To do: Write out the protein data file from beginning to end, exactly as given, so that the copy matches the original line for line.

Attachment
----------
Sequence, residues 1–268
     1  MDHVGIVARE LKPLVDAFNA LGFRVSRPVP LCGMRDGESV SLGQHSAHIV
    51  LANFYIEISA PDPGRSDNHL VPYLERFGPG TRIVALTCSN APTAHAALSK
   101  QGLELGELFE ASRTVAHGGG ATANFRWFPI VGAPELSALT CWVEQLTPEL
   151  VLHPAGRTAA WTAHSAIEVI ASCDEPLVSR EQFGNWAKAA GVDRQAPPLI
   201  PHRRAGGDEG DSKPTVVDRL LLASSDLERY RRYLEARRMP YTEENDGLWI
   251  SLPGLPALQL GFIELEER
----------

Sequence, residues 1–268
     1  MDHVGIVARE LKPLVDAFNA LGFRVSRPVP LCGMRDGESV SLGQHSAHIV
    51  LANFYIEISA PDPGRSDNHL VPYLERFGPG TRIVALTCSN APTAHAALSK
   101  QGLELGELFE ASRTVAHGGG ATANFRWFPI VGAPELSALT CWVEQLTPEL
   151  VLHPAGRTAA WTAHSAIEVI ASCDEPLVSR EQFGNWAKAA GVDRQAPPLI
   201  PHRRAGGDEG DSKPTVVDRL LLASSDLERY RRYLEARRMP YTEENDGLWI
   251  SLPGLPALQL GFIELEER